These are worsened when he presents her with a storybook about a top-hat wearing monstrous shadow called the Babadook. She dismisses his fears, but then, as Samuel's problems increase socially and in school, and Amelia sleeps less, she begins to hear strange noises, and could that be a top hat in the shadows...?
The first half of the film thickly layers atmosphere into it's wonderfully designed chief location - Amelia's house is a spookily gothic old Georgian semi, pooled with darkness at night. Even the scenes set beyond the confines of the house are claustrophobic and closed off, increasing the sense that Amelia and Samuel have nowhere to go. Kent has a fine eye for colour and composition, and there are scenes and shots here which develop with breathtaking precision from banality to creeping terror. An utterly brilliant sound design is key to that - the soundtrack often a sea of ambient sound which combine to gripping, disturbing effect as Amelia struggles to keep a grip on her sanity. The second half of the film features a shift - the horror becomes more explicit as Amelia's suffering increases and the Babdook begins to feature more heavily.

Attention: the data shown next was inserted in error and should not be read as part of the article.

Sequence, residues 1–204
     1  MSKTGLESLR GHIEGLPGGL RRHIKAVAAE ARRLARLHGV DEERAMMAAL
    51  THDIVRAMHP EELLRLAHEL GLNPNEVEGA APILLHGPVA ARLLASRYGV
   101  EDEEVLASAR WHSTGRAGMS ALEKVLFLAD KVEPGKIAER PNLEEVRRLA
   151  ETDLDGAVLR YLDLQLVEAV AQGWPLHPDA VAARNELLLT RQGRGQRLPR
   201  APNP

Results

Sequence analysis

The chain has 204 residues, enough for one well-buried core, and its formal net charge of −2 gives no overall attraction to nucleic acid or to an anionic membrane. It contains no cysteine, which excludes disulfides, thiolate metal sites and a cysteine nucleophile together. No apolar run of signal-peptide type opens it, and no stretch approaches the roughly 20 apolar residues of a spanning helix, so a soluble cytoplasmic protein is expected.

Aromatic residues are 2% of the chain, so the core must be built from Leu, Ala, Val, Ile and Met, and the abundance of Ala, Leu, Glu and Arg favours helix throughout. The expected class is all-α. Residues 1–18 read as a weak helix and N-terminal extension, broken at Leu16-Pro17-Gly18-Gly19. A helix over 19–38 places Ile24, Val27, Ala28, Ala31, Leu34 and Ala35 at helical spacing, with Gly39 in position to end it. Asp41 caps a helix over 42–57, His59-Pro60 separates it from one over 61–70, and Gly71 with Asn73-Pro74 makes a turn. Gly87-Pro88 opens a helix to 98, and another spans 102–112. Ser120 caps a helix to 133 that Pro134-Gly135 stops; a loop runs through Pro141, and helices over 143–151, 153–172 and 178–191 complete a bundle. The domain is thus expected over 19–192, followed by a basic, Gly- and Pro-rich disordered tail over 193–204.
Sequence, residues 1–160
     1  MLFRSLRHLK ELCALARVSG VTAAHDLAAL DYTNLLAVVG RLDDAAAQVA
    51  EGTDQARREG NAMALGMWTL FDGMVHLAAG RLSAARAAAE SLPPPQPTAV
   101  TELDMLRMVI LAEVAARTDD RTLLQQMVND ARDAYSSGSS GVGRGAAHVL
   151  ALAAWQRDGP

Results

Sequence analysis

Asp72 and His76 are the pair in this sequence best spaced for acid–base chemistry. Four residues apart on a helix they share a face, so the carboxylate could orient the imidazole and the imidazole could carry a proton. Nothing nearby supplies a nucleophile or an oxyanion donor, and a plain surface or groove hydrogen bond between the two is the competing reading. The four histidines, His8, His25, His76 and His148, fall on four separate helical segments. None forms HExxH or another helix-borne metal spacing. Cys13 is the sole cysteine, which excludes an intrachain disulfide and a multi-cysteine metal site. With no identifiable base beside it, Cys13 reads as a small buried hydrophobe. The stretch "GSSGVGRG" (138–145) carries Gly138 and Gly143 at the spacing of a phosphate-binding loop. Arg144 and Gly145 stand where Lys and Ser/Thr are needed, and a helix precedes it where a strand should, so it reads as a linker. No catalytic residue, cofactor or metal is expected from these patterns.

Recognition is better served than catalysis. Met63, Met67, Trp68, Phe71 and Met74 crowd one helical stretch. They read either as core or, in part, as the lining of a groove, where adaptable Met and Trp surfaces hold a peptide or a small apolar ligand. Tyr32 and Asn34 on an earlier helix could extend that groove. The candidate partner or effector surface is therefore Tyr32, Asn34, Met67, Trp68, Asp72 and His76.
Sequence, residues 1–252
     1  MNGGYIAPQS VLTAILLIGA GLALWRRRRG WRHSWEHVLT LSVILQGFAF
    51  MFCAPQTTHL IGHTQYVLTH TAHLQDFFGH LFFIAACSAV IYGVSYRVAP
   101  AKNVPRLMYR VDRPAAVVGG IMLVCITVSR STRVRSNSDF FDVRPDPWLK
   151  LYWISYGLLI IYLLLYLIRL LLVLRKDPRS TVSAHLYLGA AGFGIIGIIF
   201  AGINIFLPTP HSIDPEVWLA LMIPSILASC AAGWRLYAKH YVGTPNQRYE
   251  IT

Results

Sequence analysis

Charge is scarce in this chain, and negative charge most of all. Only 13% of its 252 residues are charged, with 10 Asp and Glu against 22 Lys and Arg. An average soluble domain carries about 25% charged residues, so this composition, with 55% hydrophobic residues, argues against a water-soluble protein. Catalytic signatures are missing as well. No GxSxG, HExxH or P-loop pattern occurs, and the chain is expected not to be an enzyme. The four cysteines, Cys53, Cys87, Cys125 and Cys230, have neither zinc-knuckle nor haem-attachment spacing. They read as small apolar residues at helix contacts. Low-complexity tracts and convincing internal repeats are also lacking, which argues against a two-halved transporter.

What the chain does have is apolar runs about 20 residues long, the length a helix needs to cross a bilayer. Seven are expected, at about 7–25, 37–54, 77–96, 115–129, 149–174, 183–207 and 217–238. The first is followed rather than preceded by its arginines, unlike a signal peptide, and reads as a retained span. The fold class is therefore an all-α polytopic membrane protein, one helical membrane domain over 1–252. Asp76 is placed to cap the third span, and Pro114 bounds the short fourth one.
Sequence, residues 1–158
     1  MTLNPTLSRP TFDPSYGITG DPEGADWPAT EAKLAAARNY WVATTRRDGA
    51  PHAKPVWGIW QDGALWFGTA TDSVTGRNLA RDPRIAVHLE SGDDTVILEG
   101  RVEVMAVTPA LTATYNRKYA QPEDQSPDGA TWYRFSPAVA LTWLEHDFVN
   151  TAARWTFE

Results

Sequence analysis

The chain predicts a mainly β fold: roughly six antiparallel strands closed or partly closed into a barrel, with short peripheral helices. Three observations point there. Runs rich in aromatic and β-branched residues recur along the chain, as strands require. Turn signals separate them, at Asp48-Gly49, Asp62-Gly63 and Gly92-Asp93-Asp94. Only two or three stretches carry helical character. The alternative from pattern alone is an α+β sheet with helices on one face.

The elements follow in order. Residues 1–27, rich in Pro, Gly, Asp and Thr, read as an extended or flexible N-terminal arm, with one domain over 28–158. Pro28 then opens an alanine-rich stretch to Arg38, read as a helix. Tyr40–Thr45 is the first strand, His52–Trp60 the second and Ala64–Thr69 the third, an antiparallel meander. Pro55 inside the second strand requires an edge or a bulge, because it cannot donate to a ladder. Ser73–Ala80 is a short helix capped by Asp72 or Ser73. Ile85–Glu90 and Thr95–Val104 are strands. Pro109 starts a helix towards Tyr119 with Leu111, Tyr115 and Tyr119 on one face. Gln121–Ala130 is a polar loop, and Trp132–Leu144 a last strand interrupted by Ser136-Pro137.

As it does so, Kent pulls off something tricky - we start to question whether it is in fact Amelia's mind that is slipping, of if there is a Babadook inside the house.
A couple of the scares are beautiful because there are no jump-tactics here; rather they are creepy and intensely frightening. Amelia answers the phone to the Babdook in the middle of the day. Amelia sees it in the living room of the old woman next door while washing up.
Kent maintains this ambiguity right up until the last scene, but neither aspect of the film suffers. It works beautifully as a study of a fracturing psyche but just as well as an elegantly designed, cracking little horror film.

Friday, 19 December 2014


(Shawn Levy, 2011)

Take Rocky, add a little sprinkling of The Champ, and then; add robots.